Logistics News

2019 Rate Outlook: Pressure Builds

In 2019, the world economy will enter a third straight year of broad-based growth, but many economists feel that a combination of rising interest rates and ongoing trade protectionism will continue to create unexpected turbulence—and lead to even higher freight rates. How likely is this to derail the…

The global economy started 2018 with strong, synchronized growth, but the momentum faded as the year progressed and growth trends diverged. Notably, the economies of the Eurozone, the United Kingdom, Japan and China began to weaken. In contrast, the U.S. economy accelerated, thanks to fiscal stimulus.

According to Nariman Behravesh, chief economist at IHS Markit, growth in the United States will remain “above trend,” while other key economies will experience further deceleration. As a result, he predicts that global growth will edge down from 3.2% in 2018 to 3.0% in 2019—and will keep eroding over the next few years.

“One major risk in the coming year is the sharp drop-off in world trade growth, which fell from a pace of above 5% at the beginning of 2018 to nearly zero at the end,” says Behravesh. “The risk of an escalation in trade conflicts remains elevated. If such an escalation were to occur, a contraction in world trade could slow the world economy even more. At the same time, the sell-off in equity and commodity markets, on top of the gradual removal of accommodation by some central banks, means that financial conditions worldwide are tightening.”

“Energy markets have never looked more uncertain, and
uncertainty is the mother of volatility. Our industry is facing
a number of critical unknowns.”
— Derik Andreoli, Mercator International

Combined with heightened political uncertainty in many parts of the world, these risks point to the increased vulnerability of the global economy to further shocks and the greater probability of a recession in the next few years. However, IHS Markit analysts note that chance of recession in 2019 is still relatively low.

Logistics managers may face mixed blessings on the domestic front, based on estimates about sustainable growth in the labor force and productivity this year. IHS Markit assesses the potential growth in the U.S. economy to be around 2.0%. In 2018, U.S. growth was a well above trend at 2.9%, compared with only 2.2% in 2017.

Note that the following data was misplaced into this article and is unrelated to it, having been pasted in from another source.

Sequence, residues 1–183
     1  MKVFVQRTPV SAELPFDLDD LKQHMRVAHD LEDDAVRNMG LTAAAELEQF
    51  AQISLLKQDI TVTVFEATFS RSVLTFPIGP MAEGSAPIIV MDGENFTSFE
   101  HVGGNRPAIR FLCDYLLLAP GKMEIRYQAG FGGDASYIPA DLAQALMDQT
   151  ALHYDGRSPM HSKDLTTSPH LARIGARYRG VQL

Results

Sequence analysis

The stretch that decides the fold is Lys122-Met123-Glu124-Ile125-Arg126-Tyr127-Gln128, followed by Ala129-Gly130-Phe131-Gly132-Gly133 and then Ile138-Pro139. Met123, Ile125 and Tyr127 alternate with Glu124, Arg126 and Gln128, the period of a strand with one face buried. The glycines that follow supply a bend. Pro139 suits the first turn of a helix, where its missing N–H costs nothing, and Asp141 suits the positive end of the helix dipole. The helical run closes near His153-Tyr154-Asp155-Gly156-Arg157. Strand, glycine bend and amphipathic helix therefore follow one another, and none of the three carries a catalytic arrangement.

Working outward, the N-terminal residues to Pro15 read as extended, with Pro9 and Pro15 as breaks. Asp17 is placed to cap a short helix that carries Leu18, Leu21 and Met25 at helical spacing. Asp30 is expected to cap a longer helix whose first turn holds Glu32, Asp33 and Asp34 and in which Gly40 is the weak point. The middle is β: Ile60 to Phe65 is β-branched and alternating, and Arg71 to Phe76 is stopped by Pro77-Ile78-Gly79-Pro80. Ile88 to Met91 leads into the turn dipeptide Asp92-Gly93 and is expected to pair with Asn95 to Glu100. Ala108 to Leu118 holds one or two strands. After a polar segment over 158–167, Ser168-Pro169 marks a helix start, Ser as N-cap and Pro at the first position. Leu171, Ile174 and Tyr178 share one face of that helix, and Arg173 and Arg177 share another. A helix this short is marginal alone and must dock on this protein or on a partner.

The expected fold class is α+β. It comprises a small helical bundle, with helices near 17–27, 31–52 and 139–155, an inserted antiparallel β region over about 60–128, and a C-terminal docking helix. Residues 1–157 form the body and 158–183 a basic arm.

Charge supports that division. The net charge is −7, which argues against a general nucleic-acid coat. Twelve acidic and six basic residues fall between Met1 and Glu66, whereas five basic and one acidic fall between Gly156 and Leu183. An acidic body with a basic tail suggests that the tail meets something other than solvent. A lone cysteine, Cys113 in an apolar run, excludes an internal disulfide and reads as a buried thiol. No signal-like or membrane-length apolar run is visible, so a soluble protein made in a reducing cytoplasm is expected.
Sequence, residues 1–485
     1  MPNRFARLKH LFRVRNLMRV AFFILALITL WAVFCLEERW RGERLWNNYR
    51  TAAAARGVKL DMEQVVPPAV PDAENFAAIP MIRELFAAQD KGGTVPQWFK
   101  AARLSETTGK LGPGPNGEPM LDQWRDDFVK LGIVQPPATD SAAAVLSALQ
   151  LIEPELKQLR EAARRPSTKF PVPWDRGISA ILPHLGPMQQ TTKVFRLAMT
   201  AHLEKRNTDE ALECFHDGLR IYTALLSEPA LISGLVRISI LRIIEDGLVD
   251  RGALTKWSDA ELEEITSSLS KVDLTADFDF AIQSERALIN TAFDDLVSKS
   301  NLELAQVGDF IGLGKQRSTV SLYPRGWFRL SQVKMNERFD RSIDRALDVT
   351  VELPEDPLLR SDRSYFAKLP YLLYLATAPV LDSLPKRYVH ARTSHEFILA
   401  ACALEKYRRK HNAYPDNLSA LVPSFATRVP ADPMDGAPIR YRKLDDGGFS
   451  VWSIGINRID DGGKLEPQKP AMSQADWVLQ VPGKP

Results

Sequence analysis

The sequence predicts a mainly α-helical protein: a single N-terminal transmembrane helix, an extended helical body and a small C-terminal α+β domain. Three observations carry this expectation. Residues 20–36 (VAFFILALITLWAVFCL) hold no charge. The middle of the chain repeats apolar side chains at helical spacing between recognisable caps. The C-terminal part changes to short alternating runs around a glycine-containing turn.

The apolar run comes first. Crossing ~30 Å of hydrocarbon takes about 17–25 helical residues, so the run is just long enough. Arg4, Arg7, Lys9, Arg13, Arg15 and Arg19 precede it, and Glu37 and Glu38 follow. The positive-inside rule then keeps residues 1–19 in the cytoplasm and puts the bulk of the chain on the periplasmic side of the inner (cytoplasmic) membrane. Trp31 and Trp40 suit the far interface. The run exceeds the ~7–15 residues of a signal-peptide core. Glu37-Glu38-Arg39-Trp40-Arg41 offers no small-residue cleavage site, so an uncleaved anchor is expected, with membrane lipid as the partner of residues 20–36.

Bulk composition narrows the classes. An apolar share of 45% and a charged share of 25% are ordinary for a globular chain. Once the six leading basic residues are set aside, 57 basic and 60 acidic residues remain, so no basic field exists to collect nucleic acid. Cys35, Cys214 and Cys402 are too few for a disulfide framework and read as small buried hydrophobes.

“The acceleration was almost entirely due to a large dose of fiscal stimulus with tax cuts and spending increases put in place at the beginning of the year,” says Behravesh. “The impact of this stimulus will still be felt in 2019, but with diminishing potency as the year progresses.”

Consequently, IHS Markit expects growth of 2.6% this year, which is less than in 2018, but still above trend. They believe that, by 2020, the effects of stimulus will have fully dissipated, ushering in a new level of maturation. Economists add that over the next year, there are likely to be countervailing pressures leading to a plateau.

“On the downside, housing has been a disappointment, the dollar has been rising, credit conditions are tightening, and higher tariffs could still hurt growth,” adds Behravesh. “On the upside, interest rates are still low, and fiscal stimulus is still aiding expansion. For the balance of 2019, U.S. economic fundamentals remain fairly solid.”

Fueling fears

Considerably less solid, however, is the energy outlook, says Derik Andreoli, Ph.D.c, director of economic research and forecasting at Mercator International and the Oil and Fuel columnist for Logistics Management. “Energy markets have never looked more uncertain,” he says, “and uncertainty is the mother of volatility. Our industry is facing a number of critical unknowns.”

Chief among them, says Andreoli, is on the supply side of the equation. Shippers are eager to learn the extent of threats made by OPEC and Russia (OPEC+) to follow through on recent agreements to cut oil production by 1.2 million barrels per day. “We don’t know yet if shale producers alone will be able to lift production at a rate that’s commensurate with rising global demand,” he adds.